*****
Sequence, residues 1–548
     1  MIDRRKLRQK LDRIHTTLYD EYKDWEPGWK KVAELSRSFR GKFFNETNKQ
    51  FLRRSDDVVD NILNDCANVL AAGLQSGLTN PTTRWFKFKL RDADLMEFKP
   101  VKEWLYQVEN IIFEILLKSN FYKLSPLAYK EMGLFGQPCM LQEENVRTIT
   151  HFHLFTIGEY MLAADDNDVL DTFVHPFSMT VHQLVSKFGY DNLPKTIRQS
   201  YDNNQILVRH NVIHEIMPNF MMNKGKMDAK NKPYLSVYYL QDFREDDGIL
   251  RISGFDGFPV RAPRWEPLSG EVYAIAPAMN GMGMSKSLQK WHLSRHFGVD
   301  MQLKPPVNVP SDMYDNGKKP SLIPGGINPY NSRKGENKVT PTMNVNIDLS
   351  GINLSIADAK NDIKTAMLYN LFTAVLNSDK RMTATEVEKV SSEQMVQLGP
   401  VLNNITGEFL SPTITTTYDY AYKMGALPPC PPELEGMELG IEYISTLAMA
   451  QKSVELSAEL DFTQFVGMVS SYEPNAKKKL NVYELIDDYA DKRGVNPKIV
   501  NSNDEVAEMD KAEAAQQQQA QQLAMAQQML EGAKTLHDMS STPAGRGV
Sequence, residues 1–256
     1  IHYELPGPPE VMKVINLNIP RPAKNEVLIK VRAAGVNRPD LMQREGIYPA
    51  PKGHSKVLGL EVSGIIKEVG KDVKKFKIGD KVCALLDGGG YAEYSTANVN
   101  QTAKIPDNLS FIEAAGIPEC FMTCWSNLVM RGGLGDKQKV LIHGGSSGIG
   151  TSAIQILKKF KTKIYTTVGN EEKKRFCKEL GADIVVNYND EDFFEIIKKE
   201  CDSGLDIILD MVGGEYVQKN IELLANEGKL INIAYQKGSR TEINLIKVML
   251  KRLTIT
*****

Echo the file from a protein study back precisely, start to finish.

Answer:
Sequence, residues 1–548
     1  MIDRRKLRQK LDRIHTTLYD EYKDWEPGWK KVAELSRSFR GKFFNETNKQ
    51  FLRRSDDVVD NILNDCANVL AAGLQSGLTN PTTRWFKFKL RDADLMEFKP
   101  VKEWLYQVEN IIFEILLKSN FYKLSPLAYK EMGLFGQPCM LQEENVRTIT
   151  HFHLFTIGEY MLAADDNDVL DTFVHPFSMT VHQLVSKFGY DNLPKTIRQS
   201  YDNNQILVRH NVIHEIMPNF MMNKGKMDAK NKPYLSVYYL QDFREDDGIL
   251  RISGFDGFPV RAPRWEPLSG EVYAIAPAMN GMGMSKSLQK WHLSRHFGVD
   301  MQLKPPVNVP SDMYDNGKKP SLIPGGINPY NSRKGENKVT PTMNVNIDLS
   351  GINLSIADAK NDIKTAMLYN LFTAVLNSDK RMTATEVEKV SSEQMVQLGP
   401  VLNNITGEFL SPTITTTYDY AYKMGALPPC PPELEGMELG IEYISTLAMA
   451  QKSVELSAEL DFTQFVGMVS SYEPNAKKKL NVYELIDDYA DKRGVNPKIV
   501  NSNDEVAEMD KAEAAQQQQA QQLAMAQQML EGAKTLHDMS STPAGRGV
Sequence, residues 1–256
     1  IHYELPGPPE VMKVINLNIP RPAKNEVLIK VRAAGVNRPD LMQREGIYPA
    51  PKGHSKVLGL EVSGIIKEVG KDVKKFKIGD KVCALLDGGG YAEYSTANVN
   101  QTAKIPDNLS FIEAAGIPEC FMTCWSNLVM RGGLGDKQKV LIHGGSSGIG
   151  TSAIQILKKF KTKIYTTVGN EEKKRFCKEL GADIVVNYND EDFFEIIKKE
   201  CDSGLDIILD MVGGEYVQKN IELLANEGKL INIAYQKGSR TEINLIKVML
   251  KRLTIT